Richard Allen Williams, MD
117th President, National Medical Association
Clinical Professor of Medicine, UCLA School of Medicine
As the President of the National Medical Association, the world’s oldest and largest organization of black physicians, and as the author of several books on healthcare disparities, healthcare reform, and equity and diversity in medicine, I have been able to view the current attempts being made by the Trump Administration and the U.S. Congress to dismantle the Affordable Care Act (the ACA or Obamacare) and to replace it with the Better Care Reconciliation Act (the BCRA or Trumpcare) from a special perspective. I think it is very important to recognize that the outcome or fallout from such a transition, which most pundits advise would result in disaster for at least 22 million people by virtue of removing their health insurance coverage, will have a racially and ethnically biased impact that has not been fully appreciated: African Americans and other people of color will suffer disproportionally mainly because they are the most impoverished and resource-deficient citizens in the nation. Simply put, the axe-wielding purveyors of destruction who are set upon devastating our healthcare system under the pretense of improving it are not equal opportunity destroyers. Those who will be hurt the most are those who are the most vulnerable, and blacks are vastly over-represented in this group.
Let’s look at the facts. Starting with the passage of the ACA, the numbers of uninsured people began to fall drastically, to the point where in 2016, six years after it was enacted, the percentage of those without coverage had been cut in half. It is no coincidence that health metrics for the entire population showed a dramatic improvement, especially for chronic diseases which form the bulk of the healthcare burden, consisting of almost three-fourths of the total. Very importantly, African Americans and other people of color benefited the most; for instance, the death rate for blacks decreased 25% compared to 17% for whites, according to a recent report from the Centers for Disease Control and Prevention (the CDC) entitled Vital Signs. So the ACA has been good for the health and survival of blacks as indicated by a decrease in healthcare disparities. The reason? According to Dr. J. Nadine Gracia, the former Director of the Office of Minority Health in the Department of Health and Human Services during the Obama Administration, as quoted recently in the Atlantic, “ The Affordable Care Act is the most important law to help reduce health disparities since the passage of Medicare and Medicaid…because the law is addressing issues of access, affordability, and quality of care, which have all been obstacles and barriers that relate to the health of minorities.” It has been documented that tens of thousands of lives have actually been saved under the ACA, and, as mentioned, blacks have been among the main beneficiaries.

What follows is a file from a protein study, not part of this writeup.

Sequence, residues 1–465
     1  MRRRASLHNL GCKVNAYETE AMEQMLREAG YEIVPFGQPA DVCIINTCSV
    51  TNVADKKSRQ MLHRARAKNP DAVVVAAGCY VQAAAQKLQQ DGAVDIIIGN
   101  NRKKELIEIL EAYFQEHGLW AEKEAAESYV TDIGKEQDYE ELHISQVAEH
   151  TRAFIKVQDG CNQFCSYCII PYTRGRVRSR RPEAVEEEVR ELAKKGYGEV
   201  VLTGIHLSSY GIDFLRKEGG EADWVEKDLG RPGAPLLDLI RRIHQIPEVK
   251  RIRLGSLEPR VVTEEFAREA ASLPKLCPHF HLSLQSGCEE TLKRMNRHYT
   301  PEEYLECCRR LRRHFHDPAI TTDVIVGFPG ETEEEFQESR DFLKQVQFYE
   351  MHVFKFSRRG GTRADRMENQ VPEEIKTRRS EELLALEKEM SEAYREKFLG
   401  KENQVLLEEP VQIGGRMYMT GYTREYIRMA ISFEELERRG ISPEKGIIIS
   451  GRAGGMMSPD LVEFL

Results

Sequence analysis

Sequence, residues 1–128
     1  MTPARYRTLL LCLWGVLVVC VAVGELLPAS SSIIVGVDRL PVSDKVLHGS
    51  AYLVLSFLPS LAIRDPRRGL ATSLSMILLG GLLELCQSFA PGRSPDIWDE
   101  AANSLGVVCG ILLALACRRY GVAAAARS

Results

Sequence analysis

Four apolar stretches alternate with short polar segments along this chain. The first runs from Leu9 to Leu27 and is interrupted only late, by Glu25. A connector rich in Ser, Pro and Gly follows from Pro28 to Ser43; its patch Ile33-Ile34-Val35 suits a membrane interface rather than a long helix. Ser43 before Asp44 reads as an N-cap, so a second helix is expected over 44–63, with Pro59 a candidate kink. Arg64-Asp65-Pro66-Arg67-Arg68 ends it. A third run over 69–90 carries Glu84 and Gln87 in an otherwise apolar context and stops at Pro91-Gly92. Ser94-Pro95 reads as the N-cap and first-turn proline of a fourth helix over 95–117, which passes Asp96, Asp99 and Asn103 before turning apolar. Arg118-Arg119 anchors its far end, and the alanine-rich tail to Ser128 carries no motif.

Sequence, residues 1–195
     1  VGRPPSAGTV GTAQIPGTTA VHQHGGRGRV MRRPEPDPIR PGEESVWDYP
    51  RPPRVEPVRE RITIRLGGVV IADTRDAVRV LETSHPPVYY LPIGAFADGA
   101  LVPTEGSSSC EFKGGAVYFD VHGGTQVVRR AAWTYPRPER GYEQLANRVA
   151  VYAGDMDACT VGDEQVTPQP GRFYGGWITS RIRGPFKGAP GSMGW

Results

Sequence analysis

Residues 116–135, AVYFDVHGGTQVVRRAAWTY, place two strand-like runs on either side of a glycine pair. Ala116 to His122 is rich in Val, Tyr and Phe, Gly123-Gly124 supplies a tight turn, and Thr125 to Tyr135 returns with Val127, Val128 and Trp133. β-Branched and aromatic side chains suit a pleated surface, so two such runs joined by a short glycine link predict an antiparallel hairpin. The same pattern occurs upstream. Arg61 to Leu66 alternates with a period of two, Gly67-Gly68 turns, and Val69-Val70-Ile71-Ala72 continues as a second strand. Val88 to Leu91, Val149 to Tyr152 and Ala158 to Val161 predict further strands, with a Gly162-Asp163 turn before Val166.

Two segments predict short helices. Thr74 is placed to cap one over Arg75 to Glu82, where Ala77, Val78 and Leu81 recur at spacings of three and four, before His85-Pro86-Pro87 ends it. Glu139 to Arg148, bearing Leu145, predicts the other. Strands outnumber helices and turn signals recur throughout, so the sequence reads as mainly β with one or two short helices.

Enter the Better Care and Reconciliation Act, which is currently going through desperate attempts to modify it into something that is acceptable to Republican senators. Its primary destructive instrument is the eradication of Medicaid expansion by removing $800 billion dollars of its Federal funding. This cruel act alone will spell doom for millions of poor people, casting them into the creek without a paddle, as the saying goes, and jeopardizing their lives and health. Since a higher percentage of impoverished citizens who qualify for Medicaid are black, with 94% of blacks meeting the criteria of being under 138% of the Federal Poverty Level (FPL), it is obvious that they are at greater risk of suffering from the potential loss of Medicaid.
In conclusion, although the loss of Obamacare and the imposition of Trumpcare is an ominous prospect for everyone in this nation, African Americans stand to lose more than any other population group. As the organization charged with protecting the health and wellness of black people, the National Medical Association declares war on the Trump Administration’s plans to achieve passage of the so-called Better Care Reconciliation Act. We call on the American people to join us in our efforts to derail this deadly plan and to contact the senators in your state to convince them to oppose this bill and to vote NO if it is submitted for a vote. This is truly a matter of life or death, and your actions can make a huge difference.
Click here for the link to Dr. Williams’ related slides:
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